ExxonMobil, Mosaic Eye New CCS Tech
US major ExxonMobil and Mosaic Materials have agreed to explore new technology for removing carbon dioxide from emissions sources, they said August 26.
Mosaic Materials has progressed research on a unique process that uses porous solids, known as metal-organic frameworks, to separate carbon dioxide from air or flue gas. The agreement with ExxonMobil will enable further discussion between the two companies to evaluate opportunities for industrial-scale use of the technology.
“New technologies in carbon capture will be critical enablers for us to meet growing energy demands, while reducing emissions,” said ExxonMobil.
“Our agreement with Mosaic expands our carbon capture technology research portfolio, which is evaluating multiple pathways – including evaluation of carbonate fuel cells and direct air capture – to reduce costs and enable large-scale deployment. Adding Mosaic’s approach will allow us to build on their work to evaluate the potential for this technology to have a meaningful impact in reducing carbon dioxide emissions.”
“Through this agreement with ExxonMobil, we look to accelerate the pace of our development and demonstrate the business and environmental benefits that our technology can offer,” said Mosaic Materials. “Our proprietary technology allows us to separate carbon dioxide from nearly any gas mixture using moderate temperature and pressure changes, substantially increasing energy efficiency and decreasing costs.”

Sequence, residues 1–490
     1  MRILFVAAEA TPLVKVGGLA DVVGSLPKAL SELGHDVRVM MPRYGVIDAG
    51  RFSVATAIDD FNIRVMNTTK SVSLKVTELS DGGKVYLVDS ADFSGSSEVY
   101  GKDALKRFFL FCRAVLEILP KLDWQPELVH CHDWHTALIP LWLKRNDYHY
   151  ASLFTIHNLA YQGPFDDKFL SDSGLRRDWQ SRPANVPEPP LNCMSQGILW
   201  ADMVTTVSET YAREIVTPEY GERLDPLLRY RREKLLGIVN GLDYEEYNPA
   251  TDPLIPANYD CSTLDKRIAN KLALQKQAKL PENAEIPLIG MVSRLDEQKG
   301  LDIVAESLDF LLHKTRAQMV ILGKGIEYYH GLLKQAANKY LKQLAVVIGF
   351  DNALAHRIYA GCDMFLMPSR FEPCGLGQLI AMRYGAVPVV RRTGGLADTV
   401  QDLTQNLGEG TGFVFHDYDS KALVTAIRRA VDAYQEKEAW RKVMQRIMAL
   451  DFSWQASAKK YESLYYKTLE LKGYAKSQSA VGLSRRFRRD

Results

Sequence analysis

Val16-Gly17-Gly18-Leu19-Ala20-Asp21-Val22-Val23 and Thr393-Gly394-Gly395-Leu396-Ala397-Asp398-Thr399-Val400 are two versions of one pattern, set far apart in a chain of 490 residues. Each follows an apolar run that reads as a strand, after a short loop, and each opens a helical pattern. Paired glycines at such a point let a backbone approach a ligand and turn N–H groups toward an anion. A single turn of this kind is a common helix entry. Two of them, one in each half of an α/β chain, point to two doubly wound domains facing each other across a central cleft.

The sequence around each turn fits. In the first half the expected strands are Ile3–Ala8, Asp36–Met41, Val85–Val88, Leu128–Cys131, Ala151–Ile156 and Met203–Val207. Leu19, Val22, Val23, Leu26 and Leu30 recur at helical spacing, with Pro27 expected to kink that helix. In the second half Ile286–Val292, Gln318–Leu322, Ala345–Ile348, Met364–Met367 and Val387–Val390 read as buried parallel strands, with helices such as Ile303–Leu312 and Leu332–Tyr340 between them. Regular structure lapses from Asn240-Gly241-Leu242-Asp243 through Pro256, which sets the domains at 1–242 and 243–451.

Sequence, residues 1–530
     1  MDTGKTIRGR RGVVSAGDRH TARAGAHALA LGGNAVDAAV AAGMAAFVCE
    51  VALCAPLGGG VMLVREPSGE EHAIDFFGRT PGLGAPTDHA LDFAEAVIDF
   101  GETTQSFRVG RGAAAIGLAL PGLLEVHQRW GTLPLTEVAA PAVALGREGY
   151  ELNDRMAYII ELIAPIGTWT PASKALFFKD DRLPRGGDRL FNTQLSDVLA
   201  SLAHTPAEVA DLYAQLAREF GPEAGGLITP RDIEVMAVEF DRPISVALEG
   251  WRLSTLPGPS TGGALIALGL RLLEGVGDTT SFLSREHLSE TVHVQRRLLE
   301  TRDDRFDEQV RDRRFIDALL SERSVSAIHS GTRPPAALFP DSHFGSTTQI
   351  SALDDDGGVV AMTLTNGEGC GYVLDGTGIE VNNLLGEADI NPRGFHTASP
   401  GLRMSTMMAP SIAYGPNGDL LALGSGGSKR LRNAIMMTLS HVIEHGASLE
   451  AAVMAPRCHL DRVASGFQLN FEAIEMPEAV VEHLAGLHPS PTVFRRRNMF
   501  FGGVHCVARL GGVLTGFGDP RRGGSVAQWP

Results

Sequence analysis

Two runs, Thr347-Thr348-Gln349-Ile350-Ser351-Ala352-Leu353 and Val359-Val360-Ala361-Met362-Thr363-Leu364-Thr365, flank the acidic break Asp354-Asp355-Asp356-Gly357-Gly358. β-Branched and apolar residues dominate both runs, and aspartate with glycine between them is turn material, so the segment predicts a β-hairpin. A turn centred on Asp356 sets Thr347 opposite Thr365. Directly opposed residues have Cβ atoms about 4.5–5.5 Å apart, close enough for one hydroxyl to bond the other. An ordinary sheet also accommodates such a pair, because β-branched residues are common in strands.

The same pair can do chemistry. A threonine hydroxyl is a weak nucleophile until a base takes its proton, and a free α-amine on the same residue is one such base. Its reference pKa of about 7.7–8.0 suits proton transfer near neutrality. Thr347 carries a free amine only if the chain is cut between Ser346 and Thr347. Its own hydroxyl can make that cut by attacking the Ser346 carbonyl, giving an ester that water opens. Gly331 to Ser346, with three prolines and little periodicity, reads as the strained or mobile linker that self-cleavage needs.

ExxonMobil is also planning to spend up to $10mn/yr for ten years researching and developing advanced lower-emissions technologies with the US Department of Energy’s National Renewable Energy Laboratory and National Energy Technology Laboratory.
With a working interest in about a fifth of the world’s total CCS capacity, ExxonMobil has been able to capture about 7mn mt/yr of carbon dioxide and has cumulatively captured more of it than any other company since 1970. Its latest such project is Gorgon LNG (25%), where the Australian government has made CCS a requirement.
Typically, CCS plants use a heated liquid to absorb the waste CO2 from combustion and release it for sequestration at another part of the site before being piped back to restart the cycle. This is an energy-intensive process.